To misquote Descartes:
You think methodically therefore you are correct!

Gratefully,
Navi.
Last edited by navi
I've ink, therefore I jam. Smile

Thank you, Navi. As a nonrestrictive afterthought, I wanted to tell you that my reason for pursuing this matter in such detail, both in this thread and in the recent one with the Leuvre Museum example, is that I think about this issue regularly when writing.

For example, the other day I was writing an e-mail to a friend and needed to decide between writing I lived at her house with So-and-so from 2001 to 2004 and I lived at her house, with So-and-so, from 2001 to 2004. After reflecting for a moment, I realized that if I wrote the sentence without the commas I would be implying that I might have lived at my ex-landlady's house without So-and-so for some period of time before 2001 or after 2004. To avoid that implication, I used the sentence with the two commas. The prepositional phrase with So-and-so was, I concluded, nonrestrictive.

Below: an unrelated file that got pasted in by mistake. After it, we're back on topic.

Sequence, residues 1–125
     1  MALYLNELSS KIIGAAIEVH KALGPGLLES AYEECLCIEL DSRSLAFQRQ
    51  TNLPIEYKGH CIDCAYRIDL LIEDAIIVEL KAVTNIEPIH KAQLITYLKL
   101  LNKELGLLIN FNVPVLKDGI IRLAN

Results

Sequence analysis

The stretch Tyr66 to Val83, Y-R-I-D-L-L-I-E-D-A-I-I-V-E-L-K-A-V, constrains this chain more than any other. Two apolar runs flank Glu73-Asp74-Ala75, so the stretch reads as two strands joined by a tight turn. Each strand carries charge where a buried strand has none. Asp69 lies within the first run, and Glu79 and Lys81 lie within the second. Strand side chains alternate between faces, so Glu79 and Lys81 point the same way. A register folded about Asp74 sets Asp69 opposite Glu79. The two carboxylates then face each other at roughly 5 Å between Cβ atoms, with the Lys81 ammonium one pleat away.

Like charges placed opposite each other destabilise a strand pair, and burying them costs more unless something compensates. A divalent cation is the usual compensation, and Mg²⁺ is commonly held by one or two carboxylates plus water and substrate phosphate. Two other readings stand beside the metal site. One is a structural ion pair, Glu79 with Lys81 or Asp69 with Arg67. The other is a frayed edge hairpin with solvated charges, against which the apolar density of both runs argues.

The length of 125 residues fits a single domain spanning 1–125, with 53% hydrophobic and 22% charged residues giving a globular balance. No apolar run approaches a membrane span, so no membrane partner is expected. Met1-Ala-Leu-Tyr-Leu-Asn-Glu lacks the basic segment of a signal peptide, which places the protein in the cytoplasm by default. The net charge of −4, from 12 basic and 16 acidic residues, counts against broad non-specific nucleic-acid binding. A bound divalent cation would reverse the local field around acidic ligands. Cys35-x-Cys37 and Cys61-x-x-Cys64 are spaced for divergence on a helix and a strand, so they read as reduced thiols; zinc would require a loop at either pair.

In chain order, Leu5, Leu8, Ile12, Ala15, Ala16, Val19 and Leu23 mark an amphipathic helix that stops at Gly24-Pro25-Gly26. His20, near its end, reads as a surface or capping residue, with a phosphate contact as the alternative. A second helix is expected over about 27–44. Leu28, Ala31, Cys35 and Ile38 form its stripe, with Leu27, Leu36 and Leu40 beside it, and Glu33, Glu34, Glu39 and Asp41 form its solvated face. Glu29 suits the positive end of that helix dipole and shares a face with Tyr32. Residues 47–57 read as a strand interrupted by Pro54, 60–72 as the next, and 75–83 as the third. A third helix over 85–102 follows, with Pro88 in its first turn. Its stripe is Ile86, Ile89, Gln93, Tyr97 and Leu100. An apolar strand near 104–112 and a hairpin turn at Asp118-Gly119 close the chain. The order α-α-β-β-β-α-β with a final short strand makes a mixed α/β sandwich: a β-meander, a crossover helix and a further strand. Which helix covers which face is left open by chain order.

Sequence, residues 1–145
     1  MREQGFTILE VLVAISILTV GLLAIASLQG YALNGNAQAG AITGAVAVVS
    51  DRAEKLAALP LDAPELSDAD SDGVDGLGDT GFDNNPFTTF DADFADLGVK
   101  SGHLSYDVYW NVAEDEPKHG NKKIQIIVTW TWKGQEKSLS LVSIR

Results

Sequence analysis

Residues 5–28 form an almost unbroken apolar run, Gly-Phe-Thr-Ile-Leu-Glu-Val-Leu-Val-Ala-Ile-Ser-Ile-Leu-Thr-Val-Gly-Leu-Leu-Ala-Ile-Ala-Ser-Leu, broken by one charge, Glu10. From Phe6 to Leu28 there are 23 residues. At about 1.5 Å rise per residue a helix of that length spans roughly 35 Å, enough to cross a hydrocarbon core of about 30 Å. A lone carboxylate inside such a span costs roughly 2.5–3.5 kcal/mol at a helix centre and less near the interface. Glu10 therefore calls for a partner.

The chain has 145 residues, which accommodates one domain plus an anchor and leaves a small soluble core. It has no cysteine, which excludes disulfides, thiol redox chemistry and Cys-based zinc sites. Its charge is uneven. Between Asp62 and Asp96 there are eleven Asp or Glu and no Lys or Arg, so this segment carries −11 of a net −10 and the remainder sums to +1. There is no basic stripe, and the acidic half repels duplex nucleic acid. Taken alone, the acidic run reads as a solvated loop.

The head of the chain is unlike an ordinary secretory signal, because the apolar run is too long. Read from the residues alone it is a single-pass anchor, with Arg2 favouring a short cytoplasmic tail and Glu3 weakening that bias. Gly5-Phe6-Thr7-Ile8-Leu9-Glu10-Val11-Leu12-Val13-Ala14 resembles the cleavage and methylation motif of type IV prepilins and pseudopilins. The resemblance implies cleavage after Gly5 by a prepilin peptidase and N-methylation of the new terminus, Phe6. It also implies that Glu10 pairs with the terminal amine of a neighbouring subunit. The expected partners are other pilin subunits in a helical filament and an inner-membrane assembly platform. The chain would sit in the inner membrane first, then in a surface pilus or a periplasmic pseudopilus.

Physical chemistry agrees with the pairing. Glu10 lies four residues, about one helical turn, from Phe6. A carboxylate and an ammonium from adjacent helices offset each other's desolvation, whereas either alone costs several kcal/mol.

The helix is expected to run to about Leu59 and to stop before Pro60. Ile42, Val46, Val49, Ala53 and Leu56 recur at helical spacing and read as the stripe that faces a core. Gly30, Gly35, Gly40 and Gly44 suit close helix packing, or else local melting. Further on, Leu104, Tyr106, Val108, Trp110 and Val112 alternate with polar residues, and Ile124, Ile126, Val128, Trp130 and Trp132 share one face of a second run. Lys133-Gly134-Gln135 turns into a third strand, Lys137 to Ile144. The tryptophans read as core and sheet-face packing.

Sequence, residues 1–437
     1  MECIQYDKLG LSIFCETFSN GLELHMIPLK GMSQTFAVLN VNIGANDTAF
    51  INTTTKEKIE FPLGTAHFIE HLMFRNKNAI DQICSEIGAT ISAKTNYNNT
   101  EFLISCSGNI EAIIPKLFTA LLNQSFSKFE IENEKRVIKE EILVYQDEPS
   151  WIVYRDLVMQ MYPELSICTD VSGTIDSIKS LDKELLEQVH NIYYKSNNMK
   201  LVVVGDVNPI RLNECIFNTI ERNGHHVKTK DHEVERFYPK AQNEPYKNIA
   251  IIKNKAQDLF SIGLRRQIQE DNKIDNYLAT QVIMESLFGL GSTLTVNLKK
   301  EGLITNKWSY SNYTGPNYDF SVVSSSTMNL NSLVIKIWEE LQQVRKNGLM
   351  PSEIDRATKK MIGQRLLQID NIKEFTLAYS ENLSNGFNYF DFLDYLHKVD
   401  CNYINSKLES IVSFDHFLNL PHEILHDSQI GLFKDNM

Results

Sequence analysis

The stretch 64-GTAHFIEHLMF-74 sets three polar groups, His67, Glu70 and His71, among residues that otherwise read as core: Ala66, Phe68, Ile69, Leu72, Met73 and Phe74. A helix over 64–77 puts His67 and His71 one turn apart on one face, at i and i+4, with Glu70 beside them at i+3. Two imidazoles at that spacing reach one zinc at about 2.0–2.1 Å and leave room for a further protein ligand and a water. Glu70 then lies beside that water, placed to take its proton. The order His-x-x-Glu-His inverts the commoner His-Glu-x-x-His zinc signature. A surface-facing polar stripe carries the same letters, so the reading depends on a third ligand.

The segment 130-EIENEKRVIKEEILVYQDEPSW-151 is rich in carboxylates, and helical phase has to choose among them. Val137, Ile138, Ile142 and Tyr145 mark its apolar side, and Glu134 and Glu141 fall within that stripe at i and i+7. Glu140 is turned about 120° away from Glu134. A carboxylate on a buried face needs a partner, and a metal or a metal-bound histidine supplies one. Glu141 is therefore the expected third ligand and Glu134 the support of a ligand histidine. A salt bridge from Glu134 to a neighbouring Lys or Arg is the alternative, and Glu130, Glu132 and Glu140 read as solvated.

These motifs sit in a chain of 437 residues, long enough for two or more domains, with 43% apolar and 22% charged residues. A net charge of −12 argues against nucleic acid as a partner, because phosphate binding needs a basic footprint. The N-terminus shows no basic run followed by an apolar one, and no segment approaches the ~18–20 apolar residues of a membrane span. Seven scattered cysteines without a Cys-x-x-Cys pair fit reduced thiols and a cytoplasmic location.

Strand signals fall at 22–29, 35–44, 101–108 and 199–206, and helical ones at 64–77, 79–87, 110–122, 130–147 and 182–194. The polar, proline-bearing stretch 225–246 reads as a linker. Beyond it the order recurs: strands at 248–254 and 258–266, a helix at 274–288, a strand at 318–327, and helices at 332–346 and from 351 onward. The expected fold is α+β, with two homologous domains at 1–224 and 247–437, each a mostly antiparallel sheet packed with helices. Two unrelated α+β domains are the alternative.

Deciding whether a prepositional phrase is restrictive or nonrestrictive is not always easy, but getting it right and knowing you've gotten it right (especially in the difficult cases) can be, I've found, one of life's little literary pleasures.

David
Hi, Navi,